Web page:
home

zingmagazine

zingmagazine







zingstuff

subscribe



about zing

zingcontact



p.s.1
john connelly
luis macias
orfi
gavin wade
brandon ballengee
elizabeth cohen
thomas rayfiel
reveiws

zingreviews

helmut lang

helmut lang

lousie bourgeois, jenny holzer helmut lang • the vienna kunsthalle

The triple collaboration exhibited at the Vienna Kunsthalle has no name ascribed to it per se, other than those of the artists themselves: Louise Bourgeois, Jenny Holzer and Helmut Lang, but one could easily coin the name, “Mirror Mirror” if looking for a catchy title.

And there are mirrors. Lots of them. It is a study in which we are challenged to define how we view ourselves, as well as how others view us. The lion’s share of the exhibit, housed in the huge rectangular Kunsthalle at Karlsplatz, is dedicated to the works of Louise Bourgeois. The room accepts the works unconditionally, allowing one the ability to view the works in this large space, perhaps as the artist intended, with the feeling of being alone, isolated to deal with the age-old questions of “Who am I? Who are you?”

Her central work, “The Cell”, is a circle of twelve oval mirrors, each approximately twelve feet tall, standing on end. Three of the mirrors are set into a permanent position while the others freely rotate. These mirrors are not like those we look into everyday, which are smooth and clear. These mirrors are rough, unpolished, some concave, some convex, like mirrors made in ancient times. One may step inside of the mirror circle and sit down or stand outside of the circle and walk around it, but wherever one looks they are confronted with a somewhat distorted vision themselves. The different reflections put us in the mind of a sort of refined funhouse where the imperfections are exaggerated and we are moved to accept ourselves just so. Madame Bourgeois uses the name “Cell” quite frequently when referring to her works, the usage of which can refer to the smallest molecule of life or a place of solitary, sometimes penitentiary, reflection, such as a prison cell or a monastery.

Accompanying the larger “Cell” are twelve much smaller sculptures which Madame B. also calls “Cells”. Again, one is struck by the loneliness depicted by these spartan sculptures of chairs placed in various positions within a small, bare room, or, yes, “Cell”. Through the positions of the chairs we are to recognize if the relationship is exclusive or inquisitive. You are again confronted with yourself and yourself in relation to others. The sculptures have been photographed to form another portion of the exhibition: the holograms, flat squares that become 3D upon viewing and seem to project themselves outward towards the viewer. They are bathed in a blood-red color which seems to radiate an intense light. For Madame B., red signifies passion, indicating the emotion she adjoins to the subject of self.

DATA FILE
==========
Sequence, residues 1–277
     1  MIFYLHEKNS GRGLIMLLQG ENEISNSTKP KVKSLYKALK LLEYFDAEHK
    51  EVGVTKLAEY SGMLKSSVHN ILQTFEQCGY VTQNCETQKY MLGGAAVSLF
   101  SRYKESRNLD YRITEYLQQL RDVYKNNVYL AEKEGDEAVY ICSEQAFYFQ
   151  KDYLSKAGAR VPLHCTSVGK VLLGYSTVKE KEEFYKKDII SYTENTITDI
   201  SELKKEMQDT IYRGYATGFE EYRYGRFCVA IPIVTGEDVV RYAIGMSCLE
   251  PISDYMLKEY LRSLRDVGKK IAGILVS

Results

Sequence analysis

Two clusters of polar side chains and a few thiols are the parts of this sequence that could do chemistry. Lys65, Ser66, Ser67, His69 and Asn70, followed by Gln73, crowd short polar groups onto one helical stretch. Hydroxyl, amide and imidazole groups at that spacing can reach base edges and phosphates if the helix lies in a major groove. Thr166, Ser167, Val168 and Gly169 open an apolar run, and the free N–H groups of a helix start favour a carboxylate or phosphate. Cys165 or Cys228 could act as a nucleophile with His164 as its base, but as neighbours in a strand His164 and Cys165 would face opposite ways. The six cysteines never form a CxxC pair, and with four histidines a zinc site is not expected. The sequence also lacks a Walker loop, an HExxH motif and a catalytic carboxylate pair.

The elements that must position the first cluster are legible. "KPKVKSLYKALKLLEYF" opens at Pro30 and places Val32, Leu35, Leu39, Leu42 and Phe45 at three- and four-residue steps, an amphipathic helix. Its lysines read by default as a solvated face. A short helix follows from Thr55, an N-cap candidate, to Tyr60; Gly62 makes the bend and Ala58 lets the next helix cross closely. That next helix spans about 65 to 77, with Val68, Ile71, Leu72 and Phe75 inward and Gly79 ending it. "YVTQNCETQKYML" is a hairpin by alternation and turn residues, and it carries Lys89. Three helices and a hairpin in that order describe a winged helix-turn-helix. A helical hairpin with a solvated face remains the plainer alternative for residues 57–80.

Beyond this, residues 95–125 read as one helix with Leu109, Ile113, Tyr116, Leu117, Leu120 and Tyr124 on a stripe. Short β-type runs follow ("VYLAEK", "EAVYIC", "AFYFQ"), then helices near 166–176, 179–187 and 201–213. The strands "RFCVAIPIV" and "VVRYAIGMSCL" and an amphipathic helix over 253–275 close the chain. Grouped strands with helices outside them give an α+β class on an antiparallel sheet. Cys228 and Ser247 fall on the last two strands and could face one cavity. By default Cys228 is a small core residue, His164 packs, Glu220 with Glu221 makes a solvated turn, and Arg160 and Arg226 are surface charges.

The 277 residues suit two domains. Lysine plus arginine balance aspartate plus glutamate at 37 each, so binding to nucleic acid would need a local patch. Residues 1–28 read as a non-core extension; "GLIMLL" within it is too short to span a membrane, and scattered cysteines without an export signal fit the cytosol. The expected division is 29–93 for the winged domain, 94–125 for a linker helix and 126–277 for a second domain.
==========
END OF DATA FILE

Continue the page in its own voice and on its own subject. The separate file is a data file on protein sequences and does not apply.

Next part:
Jenny Holzer’s contribution to the exhibition is the use of words as an art form. In the same hall adjacent to Louise Bourgeois’ large mirrored “Cell” are ten granite/marble benches arranged in a circle. Engraved upon each one of them is an innocuous-seeming phrase that, however, conveys an ominous, disturbing message. Statements such as, “If you want to get to know someone real quick, throw a glass of milk in their face and see how they react.”These benches are also of a dark, old, blood-red color. The statements cause one to contemplate and seem to be invitations to challenge the norm and others’ perceptions of who we are by stepping just left of the line.

On the wall next to the benches, we find another Holzer work. There is a long, rather thin LED display running vertically along an area of approximately twelve feet, “The Text Blue” it is called. Fluid and moving, almost frivolous against the permanency of the non-moving granite/marble benches, the implausibility of the stone. Again we are confronted by text that is of a slightly provocative, even instigating, nature.

Fashion designer Helmut Lang’s contribution is placed against the right-hand wall next to the Holzer benches. It is a large red glass piece, which also worlds like a mirror. In the middle one sees the playback of several Lang fashion shows, but they are muted and out of focus so that it takes a while to realize that the movement you are seeing is not random but rather models on a runway. This recalls once more the question of self and how we view ourselves. Our concern with how others view us is brought to the forefront through the connection to fashion and image. While watching this almost ghostly “Fashion Show” being replayed, the mirror effect of the glass places our own reflection in the forefront causing us to become the dominant figure in this work.

The exhibition gets its message across in an unencumbered way. The age old question of self-identity is omnipresent in the human existence, making it a theme that is perpetually exciting to confront through art.

Nanette Dillard

Vienna, Austria

1998


reviews